The case of Dr. Chris Ngige is begotten of a different mother. His second-place ranking in the poll underscores the popularity his campaign machinery invariably claimed. His message hit home more than those of all the other losers. Those who are insiders say that the Onwa was prevented from wielding his broom in an avowed second missionary journey of cleaning up the Augean stable by poor funding. But that is not all the story. This leads us to Peter Obi.

Mr. Obi and Hon Ned Nwoko, a former member of the Federal House of Representatives, surprised me in different ways. Obi called me in a week to the vote. We were on a topic when, without warning, he looked me in the eye and said, “Chuks, I am going to win this election, and I am going to win it decisively.” The surprise wasn’t in the victory Obi claimed before the contest but in its reiteration to me. As for Ned, he phoned me from Abuja every day to say that Obi was going to be re-elected and that I must do the utmost for him. However, he surprised me by accurately forecasting the order in which the candidates will emerge in the ballot.

Now, how did Obi do it? In answering this question, I speak on areas that are self-evident but must preface my discussion on the assertion that Peter Obi is a tough cookie himself. He prefers to slug it out over 15 rounds than be the beneficiary of a walkover. That has always been his style. His first means of winning a second term was the systematically organised tours of his projects. Those projects are there to be seen; the impact of their being seen was never compromised by the argument that he earned much more from federal allocation than all previous governors combined.

Obi did a coup in having Chief Ojukwu, the Ikemba, by his side. Whatever is said to the contrary, Ojukwu retains a very special place in the Igbo psyche. Obi capitalised on this. This capital is tied to the matter of identity. So, Obi goes on the soap box and says this: “Ngige’s hand was raised by Alhaji Akande. Soludo’s hand was raised by Anthony Anenih. My hand is up, courtesy of Odumegwu-Ojukwu.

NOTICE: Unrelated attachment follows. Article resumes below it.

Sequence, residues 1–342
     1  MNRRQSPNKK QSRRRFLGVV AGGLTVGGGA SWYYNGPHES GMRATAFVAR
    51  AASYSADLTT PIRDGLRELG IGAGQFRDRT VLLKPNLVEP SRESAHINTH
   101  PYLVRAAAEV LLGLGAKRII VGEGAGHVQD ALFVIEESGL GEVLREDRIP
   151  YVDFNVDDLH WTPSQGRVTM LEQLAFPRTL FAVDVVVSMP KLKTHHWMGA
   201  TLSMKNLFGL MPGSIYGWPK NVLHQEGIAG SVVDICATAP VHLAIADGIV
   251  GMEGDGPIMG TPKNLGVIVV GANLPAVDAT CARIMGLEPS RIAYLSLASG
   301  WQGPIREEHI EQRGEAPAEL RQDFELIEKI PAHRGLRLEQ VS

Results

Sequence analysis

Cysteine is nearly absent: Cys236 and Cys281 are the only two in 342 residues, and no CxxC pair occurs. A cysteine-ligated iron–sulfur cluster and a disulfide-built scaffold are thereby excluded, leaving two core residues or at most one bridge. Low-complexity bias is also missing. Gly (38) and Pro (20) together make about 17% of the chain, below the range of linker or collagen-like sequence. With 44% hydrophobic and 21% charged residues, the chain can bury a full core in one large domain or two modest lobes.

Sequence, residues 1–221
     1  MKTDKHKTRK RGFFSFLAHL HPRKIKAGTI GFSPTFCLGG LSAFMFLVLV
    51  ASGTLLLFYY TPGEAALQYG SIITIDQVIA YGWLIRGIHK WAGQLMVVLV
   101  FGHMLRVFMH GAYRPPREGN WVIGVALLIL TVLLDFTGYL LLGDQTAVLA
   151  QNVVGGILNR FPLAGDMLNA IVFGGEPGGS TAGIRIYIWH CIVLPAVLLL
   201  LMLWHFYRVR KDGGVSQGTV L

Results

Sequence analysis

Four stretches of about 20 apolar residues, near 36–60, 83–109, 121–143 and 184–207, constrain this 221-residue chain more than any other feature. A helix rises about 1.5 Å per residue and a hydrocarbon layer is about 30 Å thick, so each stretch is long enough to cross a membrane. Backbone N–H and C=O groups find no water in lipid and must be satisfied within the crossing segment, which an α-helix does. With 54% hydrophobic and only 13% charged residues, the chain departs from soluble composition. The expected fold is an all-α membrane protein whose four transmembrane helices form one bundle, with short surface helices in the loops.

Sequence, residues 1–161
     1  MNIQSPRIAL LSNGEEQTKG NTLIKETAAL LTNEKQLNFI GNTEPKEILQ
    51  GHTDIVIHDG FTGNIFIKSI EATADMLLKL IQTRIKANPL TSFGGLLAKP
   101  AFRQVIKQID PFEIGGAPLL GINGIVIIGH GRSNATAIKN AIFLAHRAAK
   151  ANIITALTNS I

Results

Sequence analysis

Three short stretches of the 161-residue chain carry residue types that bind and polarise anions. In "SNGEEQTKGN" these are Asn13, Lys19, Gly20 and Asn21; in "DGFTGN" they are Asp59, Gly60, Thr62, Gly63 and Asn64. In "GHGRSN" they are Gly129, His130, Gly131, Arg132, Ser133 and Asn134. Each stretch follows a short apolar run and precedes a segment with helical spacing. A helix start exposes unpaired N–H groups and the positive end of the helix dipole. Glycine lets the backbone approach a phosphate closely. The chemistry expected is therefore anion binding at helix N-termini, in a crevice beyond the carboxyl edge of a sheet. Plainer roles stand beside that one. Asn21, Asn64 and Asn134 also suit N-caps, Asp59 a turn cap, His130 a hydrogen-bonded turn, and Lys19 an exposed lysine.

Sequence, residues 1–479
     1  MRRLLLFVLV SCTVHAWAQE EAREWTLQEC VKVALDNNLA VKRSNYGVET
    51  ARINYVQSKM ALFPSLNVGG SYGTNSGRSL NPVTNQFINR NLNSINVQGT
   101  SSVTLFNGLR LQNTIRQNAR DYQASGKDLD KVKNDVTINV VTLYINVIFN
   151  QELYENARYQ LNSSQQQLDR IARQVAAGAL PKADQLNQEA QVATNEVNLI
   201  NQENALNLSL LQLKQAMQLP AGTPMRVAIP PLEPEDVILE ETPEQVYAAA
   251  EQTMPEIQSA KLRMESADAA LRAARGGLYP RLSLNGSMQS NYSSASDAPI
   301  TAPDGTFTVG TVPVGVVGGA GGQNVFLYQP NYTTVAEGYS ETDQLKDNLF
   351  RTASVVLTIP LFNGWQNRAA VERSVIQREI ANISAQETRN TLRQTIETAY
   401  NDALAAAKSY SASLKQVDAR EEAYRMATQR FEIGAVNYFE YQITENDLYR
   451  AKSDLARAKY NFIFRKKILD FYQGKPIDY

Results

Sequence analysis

Who will you vote for as Ndigbo?” Then he takes the points raised by the opposition slice by slice and demolishes them. “It is not true that a state loses out when it is governed by a party not in power at the centre. Look at Kano State. It is ANPP. Yet it commands three federal ministers. Look at Lagos. It is AC. Yet it is not in any difficulties on that account.” And so on…

In other words, Obi re-hoisted the APGA as the voice of the Igbo. You counted for nothing in the entity if you didn’t have a platform. APGA represents, not just the party in power in Anambra State, but also the vehicle by which Ndigbo might get a fair hearing in our federal setting. It is the kind of situation that turns every political analyst into an instant prophet. Permit me, therefore, to prophesy that if the cards are played differently and with a broader vision this time around, APGA will register a resurgence that will surprise the cynics in 2011, put a new heart in the Igbo and re-configure the entire body politic.

And so the election came and went. But some are not certain as to who the true winners are. The real winners are Anambra State and Nigeria. The honest among us will confess to the premonition that February 6 would initiate a season of bloodbath. It didn’t happen.

The event passed off peacefully for which some credit must also go to Mr. Ogbonna Onovo, the inspector general of police (IGP). This gives the hope that next year’s general elections will benefit from the example of Anambra State.